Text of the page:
MONDAY, Aug. 2 (HealthDay News) -- If you're overweight, should you cut carbs or fat?
A new two-year study suggests that it may not matter in the long run: When combined with extensive guidance about eating and exercise, people lost about the same amount of weight whether they were on an Atkins-style, low-carbohydrate diet or a traditional low-fat diet.
"In general, dieters should be less concerned about what diet they're on and more focused on finding strategies to stick to the diet they chose," advised study author Gary D. Foster, director of the Center for Obesity Research & Education at Temple University.
There are some caveats, however. People in both groups only lost an average of about 7 percent of their weight two years after beginning their diet, although that added up because they were typically very overweight.
And those who were on the low-carb diet did get one extra benefit: Their blood pressure and levels of "good" cholesterol improved a bit more than those who cut down on fat.
The study appears in the Aug. 3 issue of the Annals of Internal Medicine.
There's long been research into which diet is the best. But this study is unique because it looks at how diets work over the longer term, Foster said.
In the study, funded by the U.S. National Institutes of Health, researchers followed 307 overweight people for two years as they participated in a low-carbohydrate diet -- fashioned after the Atkins diet -- or a low-fat diet that was also low in calories.
Their average age was 45 and their average body-mass index was 36, meaning they were typically obese, a step beyond simply being overweight.
Those on the low-fat diet were told to eat 1,200-1,800 calories a day, with fewer than 30 percent of them from fat. Those on the low-carb diet were instructed to eat no more than 20 grams of carbs a day, although they could eat all the fat and protein they wanted.
In addition to dieting, the participants received guidance about dieting and exercise similar to that offered in commercial weight-loss programs, Foster said.
On average, the participants -- recruited in several cities across the country -- lost 7 percent of their weight after two years, or an average of about just over 15 pounds. The results were similar, no matter which diet they were on.
There was one difference, however. Foster said levels of "good" cholesterol (the heart-healthy kind that you want) grew by about 11 percent in the low-fat group but more than twice that -- about 23 percent -- in the low-carb group. Blood pressure also fell by a greater level in the low-carb group vs. the low-fat cohort.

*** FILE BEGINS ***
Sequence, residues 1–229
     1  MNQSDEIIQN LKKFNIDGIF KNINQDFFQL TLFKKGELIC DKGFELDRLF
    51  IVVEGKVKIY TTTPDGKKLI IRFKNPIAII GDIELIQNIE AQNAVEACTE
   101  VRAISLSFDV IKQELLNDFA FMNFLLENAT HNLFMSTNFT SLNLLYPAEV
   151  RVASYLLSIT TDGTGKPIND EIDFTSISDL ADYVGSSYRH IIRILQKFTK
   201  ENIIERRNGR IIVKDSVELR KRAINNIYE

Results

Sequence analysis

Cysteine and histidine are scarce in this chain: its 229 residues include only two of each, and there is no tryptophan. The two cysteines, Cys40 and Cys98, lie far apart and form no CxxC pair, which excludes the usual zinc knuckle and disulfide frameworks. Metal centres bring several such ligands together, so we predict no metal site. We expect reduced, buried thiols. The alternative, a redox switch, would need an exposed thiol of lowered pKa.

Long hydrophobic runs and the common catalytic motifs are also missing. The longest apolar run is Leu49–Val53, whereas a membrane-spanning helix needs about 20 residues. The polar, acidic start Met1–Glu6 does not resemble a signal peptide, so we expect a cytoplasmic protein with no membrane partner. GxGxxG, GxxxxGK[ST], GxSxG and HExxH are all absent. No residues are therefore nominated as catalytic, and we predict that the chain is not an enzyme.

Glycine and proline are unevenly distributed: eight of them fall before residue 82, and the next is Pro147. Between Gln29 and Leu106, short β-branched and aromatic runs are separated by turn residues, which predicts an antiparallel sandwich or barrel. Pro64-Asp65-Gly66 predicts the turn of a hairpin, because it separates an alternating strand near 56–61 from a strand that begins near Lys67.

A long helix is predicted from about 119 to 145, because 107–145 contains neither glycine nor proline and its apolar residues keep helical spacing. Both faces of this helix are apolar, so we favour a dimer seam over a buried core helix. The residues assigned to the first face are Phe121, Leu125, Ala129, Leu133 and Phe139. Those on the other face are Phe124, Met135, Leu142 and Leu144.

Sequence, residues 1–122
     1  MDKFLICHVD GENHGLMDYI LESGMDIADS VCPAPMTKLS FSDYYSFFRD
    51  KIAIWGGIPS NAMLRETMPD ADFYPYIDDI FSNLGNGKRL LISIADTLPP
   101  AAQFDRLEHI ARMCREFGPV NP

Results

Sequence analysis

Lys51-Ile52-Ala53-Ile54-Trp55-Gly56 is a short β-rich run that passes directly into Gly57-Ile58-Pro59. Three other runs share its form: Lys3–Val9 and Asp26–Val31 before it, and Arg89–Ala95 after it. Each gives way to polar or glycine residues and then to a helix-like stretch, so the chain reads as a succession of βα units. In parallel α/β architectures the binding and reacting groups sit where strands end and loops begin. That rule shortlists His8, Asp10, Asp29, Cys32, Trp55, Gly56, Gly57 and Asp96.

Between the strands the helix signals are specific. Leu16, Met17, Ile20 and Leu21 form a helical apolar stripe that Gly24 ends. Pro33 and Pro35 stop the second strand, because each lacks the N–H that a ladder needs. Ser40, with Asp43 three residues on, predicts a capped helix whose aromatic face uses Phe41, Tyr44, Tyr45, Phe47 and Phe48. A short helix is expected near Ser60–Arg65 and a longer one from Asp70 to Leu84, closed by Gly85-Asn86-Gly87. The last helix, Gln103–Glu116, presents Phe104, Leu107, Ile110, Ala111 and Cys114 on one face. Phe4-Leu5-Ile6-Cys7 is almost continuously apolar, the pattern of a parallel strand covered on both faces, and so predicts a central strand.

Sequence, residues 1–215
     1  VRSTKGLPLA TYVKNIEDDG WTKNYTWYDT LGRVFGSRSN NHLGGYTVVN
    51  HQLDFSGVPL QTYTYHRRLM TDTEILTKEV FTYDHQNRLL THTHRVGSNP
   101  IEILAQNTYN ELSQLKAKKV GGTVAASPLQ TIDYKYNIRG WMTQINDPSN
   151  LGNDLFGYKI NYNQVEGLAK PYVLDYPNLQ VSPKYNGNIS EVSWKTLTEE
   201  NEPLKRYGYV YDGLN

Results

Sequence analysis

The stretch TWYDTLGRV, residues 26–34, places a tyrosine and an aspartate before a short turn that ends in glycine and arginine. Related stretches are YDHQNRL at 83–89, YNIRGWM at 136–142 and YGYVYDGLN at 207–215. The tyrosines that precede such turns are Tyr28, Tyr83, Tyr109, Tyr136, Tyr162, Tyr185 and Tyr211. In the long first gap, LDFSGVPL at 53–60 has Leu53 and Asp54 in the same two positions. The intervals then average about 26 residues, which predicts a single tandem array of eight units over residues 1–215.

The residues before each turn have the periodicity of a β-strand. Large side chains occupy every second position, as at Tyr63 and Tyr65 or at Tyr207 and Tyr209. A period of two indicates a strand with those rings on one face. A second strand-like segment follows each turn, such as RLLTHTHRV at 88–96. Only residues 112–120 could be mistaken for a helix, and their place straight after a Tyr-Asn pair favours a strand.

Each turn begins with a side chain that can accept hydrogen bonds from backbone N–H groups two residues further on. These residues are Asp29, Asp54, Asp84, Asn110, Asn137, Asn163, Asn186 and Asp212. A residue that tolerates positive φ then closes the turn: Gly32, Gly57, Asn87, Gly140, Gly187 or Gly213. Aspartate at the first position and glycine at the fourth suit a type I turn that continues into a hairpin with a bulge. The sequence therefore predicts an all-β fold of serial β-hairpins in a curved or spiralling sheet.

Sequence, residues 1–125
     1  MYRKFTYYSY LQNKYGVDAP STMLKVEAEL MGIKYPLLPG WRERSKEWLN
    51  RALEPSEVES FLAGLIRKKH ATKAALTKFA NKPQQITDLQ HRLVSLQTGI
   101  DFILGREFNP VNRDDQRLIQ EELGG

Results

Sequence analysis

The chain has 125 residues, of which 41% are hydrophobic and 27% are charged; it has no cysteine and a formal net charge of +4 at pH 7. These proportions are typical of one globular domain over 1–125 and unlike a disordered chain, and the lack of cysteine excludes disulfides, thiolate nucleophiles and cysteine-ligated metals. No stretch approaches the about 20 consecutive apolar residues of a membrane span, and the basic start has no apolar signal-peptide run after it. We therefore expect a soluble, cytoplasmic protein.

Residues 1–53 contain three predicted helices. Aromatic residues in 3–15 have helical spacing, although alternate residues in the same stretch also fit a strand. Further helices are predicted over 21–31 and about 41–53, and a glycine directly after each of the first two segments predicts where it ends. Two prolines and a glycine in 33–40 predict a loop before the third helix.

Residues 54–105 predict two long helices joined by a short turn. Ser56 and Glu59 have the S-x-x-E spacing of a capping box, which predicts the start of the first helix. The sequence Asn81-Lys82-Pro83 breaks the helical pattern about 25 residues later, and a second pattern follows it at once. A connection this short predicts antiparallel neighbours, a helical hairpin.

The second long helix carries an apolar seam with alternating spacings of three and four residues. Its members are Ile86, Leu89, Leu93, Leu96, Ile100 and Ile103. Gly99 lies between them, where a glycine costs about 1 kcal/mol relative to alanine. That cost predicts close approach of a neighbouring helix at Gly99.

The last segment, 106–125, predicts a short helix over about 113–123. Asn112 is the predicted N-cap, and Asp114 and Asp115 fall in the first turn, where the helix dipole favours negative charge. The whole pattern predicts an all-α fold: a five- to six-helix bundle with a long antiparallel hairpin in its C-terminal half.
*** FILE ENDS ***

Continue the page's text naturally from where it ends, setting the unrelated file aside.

It's not clear why the low-carb group might perform better in those areas, Foster said, but the two differences are significant. Still, he said, "we can't say following this diet or that diet will result in less heart disease."
Overall, he said, the message of the study is that the diets work about equally well when it comes to weight loss.
Howard Sesso, assistant professor of medicine at Brigham and Women's Hospital in Boston, said this suggests the kind of diet that a person adopts may be less important than his or her ability to stick to it.
There's another message from the study, said Lona Sandon, assistant professor of clinical nutrition at University of Texas Southwestern Medical Center at Dallas. "It confirms what we have known for years: that it's not fat versus carbohydrates. It's the calories that lead to weight loss."
But what of the fact that the participants lost a small percentage of weight, on average? While a small weight loss can make a difference in terms of risk factors for heart disease, "the study shows it is also difficult to take weight off and keep it off long term, even when you have good support," she said. "These people represent what happens in real life, not what we see on the 'Biggest Loser.' Losing weight and keeping it off takes serious commitment. For most, their lifestyles and environments just don't support that kind of commitment."
There's more on healthy weight loss at the U.S. National Library of Medicine.
SOURCES: Gary D. Foster, director, Center for Obesity Research and Education, Temple University, Philadelphia; Lona Sandon, R.D., assistant professor, clinical nutrition, University of Texas Southwestern Medical Center at Dallas; Howard Sesso, Ph.D., assistant professor, medicine, Brigham and Women's Hospital, Boston; Aug. 3, 2010, Annals of Internal Medicine
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